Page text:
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These drivers will Improve your Distance Game Substantially!
Drivers continue to be the most discussed, most macho piece of golf equipment amongst golfers and club designers.

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Golf Travel Reviews

Chances are that if you are a truly devout golfer, a pilgrimage to golf’s mecca, a trip to Scotland, is first and foremost your primary goal...

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Golf Tips and Tricks

This area is designed to help everyone improve their golf game, pros and novices alike. Here our two Pro's, and game improvement techniques.

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Golfing Careers

Looking for the perfect place to start your new career in golf? Or maybe to move up in the Industry? Be sure to visit this golfing careers website.

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Having problems with your swing?

Fix your slice!

By: by Johnny Miller

I recently was examining swing sequences of some of the greatest players in history. Knowing that some of these players favored a draw as their standard shot while others preferred a fade, I sought to identify swing features within each group that would explain their respective ball-flight tendencies. Something profound emerged that I think will benefit all golfers, especially those cursed with a wicked slice.

What I found was this: Virtually every accomplished fader of the ball–from Jack Nicklaus to Tiger Woods–displayed a straight left arm at the top of the backswing. Conversely, those who preferred a draw–players like Arnold Palmer and Bobby Jones–maintained a slight bend at the elbow.

This discovery is great news for most slicers, as they tend to do by accident what intentional faders do on purpose. In this article I’ll explain why the dynamic works, and how a simple swing change will make a powerful draw your standard shot.

THIS IS THE LOOK THAT FAVORS A HOOK

Forget the adage, “keep your left arm straight.” By creating a slight bend at the elbow on the backswing, you are in position to swing the club down from the inside, creating speed with your arms and hands as opposed to making a ponderous move with your shoulders. The bend in your left arm allows you to “throw” the club down with tremendous speed. You also can square the clubface with little physical effort. The action is much like that of tennis players executing a two-hand backhand. By keeping the left arm soft and bent, they can achieve terrific speed and pinpoint control.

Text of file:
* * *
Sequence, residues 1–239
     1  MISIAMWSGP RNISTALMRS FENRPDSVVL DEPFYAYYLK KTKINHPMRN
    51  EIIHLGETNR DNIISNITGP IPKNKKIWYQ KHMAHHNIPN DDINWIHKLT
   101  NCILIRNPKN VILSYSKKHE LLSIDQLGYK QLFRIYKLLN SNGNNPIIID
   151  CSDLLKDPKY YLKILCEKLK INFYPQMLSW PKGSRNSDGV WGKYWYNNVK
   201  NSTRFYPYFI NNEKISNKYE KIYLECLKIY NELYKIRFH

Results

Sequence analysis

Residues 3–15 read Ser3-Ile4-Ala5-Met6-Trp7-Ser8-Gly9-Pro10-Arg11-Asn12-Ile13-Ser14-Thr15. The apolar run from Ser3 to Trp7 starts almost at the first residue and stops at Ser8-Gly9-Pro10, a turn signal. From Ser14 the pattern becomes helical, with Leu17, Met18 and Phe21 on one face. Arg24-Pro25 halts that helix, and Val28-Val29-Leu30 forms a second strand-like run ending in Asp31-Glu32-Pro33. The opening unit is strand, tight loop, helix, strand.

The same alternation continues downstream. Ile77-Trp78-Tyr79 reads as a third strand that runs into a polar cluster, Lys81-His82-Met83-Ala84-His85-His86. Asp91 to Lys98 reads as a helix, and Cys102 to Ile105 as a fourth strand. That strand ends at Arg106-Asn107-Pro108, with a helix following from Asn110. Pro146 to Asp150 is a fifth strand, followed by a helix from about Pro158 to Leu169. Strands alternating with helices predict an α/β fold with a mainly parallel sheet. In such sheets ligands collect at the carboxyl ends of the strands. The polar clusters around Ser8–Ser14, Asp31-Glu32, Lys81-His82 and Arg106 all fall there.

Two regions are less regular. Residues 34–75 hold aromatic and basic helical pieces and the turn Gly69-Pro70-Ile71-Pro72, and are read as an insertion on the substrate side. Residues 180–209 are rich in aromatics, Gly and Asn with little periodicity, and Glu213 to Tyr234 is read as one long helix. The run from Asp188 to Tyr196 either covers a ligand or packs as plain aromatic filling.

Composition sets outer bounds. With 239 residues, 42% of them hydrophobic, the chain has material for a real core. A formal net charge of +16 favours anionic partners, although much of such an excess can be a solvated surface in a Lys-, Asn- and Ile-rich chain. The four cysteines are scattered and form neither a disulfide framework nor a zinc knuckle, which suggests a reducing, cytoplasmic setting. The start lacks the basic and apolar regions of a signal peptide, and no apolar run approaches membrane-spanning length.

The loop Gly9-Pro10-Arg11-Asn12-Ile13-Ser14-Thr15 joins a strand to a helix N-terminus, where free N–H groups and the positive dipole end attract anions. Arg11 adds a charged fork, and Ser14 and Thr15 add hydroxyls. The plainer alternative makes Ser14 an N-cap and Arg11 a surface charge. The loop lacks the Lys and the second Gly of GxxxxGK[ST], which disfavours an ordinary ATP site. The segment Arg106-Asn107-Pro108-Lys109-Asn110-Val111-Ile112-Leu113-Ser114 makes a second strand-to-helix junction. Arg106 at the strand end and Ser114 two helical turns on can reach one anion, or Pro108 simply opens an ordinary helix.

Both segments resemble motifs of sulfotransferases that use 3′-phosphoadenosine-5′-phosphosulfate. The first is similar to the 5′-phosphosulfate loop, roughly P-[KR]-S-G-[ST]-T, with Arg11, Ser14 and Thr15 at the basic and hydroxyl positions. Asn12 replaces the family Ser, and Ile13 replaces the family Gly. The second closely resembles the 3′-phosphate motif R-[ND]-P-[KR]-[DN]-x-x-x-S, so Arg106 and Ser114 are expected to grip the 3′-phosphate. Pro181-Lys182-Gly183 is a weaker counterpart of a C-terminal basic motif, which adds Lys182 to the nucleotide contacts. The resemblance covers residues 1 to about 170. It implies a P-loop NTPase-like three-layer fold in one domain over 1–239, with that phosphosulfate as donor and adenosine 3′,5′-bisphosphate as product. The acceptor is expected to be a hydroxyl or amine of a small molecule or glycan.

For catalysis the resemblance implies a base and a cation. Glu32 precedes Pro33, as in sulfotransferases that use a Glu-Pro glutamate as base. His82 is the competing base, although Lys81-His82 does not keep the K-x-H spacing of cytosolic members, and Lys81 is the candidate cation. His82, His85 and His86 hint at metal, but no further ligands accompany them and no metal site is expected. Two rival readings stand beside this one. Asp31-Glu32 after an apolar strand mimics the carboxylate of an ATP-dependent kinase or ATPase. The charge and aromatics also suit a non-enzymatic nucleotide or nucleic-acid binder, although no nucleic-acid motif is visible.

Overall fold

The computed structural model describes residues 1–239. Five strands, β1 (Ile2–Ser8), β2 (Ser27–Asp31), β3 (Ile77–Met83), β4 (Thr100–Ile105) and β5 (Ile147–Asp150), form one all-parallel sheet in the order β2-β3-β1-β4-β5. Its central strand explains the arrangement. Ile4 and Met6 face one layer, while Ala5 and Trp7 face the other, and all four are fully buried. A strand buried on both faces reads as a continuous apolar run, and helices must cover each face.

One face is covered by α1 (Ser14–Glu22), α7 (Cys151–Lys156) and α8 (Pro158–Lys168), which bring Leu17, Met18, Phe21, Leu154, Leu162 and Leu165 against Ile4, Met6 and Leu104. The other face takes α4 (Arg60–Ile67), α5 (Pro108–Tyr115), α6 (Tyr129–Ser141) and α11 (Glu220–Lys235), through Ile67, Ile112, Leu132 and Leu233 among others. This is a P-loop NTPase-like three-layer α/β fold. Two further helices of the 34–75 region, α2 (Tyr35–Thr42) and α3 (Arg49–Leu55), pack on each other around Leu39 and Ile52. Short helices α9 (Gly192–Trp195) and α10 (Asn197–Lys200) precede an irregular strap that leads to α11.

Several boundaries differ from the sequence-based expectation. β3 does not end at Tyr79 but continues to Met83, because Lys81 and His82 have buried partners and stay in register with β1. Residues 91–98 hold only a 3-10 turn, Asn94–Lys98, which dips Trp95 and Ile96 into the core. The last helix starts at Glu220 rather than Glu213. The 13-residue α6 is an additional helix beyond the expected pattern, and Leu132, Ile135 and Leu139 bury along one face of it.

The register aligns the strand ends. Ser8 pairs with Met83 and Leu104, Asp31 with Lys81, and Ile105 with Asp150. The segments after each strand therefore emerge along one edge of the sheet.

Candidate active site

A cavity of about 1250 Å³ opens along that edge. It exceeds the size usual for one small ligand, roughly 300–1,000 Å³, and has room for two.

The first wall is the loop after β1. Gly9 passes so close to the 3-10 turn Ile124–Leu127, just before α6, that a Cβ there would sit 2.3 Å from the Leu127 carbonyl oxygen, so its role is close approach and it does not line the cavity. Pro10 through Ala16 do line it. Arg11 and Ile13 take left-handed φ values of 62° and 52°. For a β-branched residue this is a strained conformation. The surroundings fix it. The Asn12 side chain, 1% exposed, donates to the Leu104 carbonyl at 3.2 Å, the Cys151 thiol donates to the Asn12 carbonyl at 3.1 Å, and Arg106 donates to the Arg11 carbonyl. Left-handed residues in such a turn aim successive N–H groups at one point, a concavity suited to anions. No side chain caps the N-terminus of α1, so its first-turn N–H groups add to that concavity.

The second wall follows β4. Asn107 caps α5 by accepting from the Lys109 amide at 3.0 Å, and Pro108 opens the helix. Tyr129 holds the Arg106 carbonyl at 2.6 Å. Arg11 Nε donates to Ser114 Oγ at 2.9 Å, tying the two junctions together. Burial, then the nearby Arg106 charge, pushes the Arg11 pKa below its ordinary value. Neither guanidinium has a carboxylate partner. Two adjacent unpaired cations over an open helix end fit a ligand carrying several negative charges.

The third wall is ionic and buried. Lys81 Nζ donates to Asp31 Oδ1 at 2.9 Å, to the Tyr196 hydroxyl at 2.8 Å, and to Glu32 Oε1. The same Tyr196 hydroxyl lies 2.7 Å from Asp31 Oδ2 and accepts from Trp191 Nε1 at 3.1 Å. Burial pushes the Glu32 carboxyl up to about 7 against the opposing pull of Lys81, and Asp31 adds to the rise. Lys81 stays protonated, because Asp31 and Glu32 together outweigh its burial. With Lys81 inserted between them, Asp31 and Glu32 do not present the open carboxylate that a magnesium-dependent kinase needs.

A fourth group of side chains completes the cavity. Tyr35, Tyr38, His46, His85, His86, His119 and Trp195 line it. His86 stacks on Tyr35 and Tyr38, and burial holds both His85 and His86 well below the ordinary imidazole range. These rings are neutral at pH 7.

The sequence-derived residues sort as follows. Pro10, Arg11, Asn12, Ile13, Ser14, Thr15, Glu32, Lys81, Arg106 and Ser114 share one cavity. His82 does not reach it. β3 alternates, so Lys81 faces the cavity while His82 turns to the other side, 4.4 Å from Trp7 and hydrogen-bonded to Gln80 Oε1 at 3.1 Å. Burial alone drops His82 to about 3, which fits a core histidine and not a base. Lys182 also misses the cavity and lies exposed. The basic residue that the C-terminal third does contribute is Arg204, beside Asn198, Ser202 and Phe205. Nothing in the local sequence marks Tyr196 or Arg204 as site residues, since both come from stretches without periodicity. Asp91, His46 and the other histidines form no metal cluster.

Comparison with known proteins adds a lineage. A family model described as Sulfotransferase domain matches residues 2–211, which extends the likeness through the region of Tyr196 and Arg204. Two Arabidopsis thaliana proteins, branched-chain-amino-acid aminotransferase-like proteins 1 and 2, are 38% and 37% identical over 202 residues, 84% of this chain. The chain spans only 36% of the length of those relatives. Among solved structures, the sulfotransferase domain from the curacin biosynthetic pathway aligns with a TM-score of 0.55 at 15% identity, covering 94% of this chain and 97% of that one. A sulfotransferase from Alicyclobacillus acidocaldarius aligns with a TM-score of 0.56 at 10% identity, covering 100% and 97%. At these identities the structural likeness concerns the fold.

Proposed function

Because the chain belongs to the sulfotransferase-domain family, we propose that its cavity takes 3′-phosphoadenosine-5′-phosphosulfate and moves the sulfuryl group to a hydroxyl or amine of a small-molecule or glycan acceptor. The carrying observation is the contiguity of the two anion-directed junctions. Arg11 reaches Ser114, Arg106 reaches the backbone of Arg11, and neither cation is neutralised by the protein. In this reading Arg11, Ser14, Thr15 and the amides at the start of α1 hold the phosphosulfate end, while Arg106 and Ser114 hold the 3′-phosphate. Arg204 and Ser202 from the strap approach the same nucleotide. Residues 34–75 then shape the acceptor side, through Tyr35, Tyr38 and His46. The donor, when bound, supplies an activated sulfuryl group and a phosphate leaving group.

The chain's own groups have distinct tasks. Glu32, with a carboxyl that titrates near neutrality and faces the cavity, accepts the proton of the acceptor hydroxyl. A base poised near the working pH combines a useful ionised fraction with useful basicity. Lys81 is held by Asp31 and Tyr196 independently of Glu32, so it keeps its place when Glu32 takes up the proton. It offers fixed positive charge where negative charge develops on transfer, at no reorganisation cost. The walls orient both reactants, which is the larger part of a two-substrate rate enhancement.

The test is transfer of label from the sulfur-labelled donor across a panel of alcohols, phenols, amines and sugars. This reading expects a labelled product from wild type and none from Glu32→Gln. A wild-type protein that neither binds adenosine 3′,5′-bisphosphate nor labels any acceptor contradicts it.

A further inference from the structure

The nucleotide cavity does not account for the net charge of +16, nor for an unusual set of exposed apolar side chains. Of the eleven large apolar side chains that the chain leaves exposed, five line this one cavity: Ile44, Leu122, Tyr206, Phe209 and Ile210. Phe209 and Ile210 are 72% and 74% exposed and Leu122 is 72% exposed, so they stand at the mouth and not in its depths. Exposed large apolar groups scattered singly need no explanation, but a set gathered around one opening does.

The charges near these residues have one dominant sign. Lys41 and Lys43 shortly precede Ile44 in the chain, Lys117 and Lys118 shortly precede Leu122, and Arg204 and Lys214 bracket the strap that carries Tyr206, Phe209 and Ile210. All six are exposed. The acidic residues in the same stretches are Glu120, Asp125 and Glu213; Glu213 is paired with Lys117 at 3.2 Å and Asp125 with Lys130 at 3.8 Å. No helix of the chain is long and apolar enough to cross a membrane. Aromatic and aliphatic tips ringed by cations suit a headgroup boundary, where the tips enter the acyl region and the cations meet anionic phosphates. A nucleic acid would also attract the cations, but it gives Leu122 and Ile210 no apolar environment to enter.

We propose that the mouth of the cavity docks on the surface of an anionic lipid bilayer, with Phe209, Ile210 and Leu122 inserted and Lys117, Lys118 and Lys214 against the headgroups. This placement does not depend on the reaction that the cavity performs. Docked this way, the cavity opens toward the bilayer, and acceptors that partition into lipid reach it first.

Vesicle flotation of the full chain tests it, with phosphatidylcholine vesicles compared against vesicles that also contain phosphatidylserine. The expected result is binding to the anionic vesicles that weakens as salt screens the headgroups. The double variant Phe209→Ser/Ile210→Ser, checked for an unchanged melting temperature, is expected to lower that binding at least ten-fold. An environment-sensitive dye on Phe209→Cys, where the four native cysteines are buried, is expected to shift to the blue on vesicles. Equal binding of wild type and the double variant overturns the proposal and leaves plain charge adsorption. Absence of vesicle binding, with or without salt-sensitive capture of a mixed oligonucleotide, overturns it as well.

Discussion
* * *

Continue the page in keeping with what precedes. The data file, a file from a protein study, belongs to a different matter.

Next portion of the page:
GO FOR AN EARLY SET

The trend on the PGA Tour these days is to create as much width as possible early in the backswing. Several top players, Tiger Woods included, extend their arms and club as far from the body as possible (below), to widen the swing arc and create maximum speed later in the swing.

What works for these fellows can be disastrous for the slicer. “Getting wide” promotes tension at the top of the backswing and requires extraordinary strength and flexibility to begin with. It causes you to start the downswing by rotating your right shoulder out and around in an over-the-top motion. Swing back naturally and go for an “early set.” Begin cocking your wrists and folding your right arm early in the backswing (right). That sets up an easy “throw”–and a right-to-left ball flight.

AS IN ALL SPORTS, THINK `TURN BEFORE YOU THROW’

The bent-left-arm method will work only if the rest of your body is in position to allow the arms to swing down freely. That means you need to make a full turn with your shoulders. Rotate the shoulders fully, and you’ll create enough space for the arms to swing down along the correct inside path.

A full turn is easier said than done, especially if you aren’t supple to begin with. Try this exercise when warming up: Grasp your left arm at the elbow with your right hand and turn as far as you can. When you reach your limit, pull your left arm farther back with your right hand. Do it gently at first so you don’t pull a muscle, then gradually increase the pressure. Once you’ve achieved a 90-degree shoulder turn, you’re good to go.

Don’t confine this drill to the golf course. Do it while watching TV or standing around the kitchen. Your flexibility will increase dramatically within a week.

HOW YOUR LEFT ARM INFLUENCES YOUR RIGHT

Although the left arm is the focal point of my technique, it’s important to note that the right arm plays a key role, too. And the right arm’s position at the top of the backswing, and its subsequent ability to release, is determined by how straight the left arm is at the top. The two arms work together.

Let me explain further. The straighter you keep the left arm, the less your right arm bends at the elbow. Referring again to Tiger Woods (a fader, remember), because his left arm is so straight at the top, his right arm is not bent much at the elbow. That means less of a “throwing” action on the downswing, and a greater chance of hitting the ball from left to right–a slice.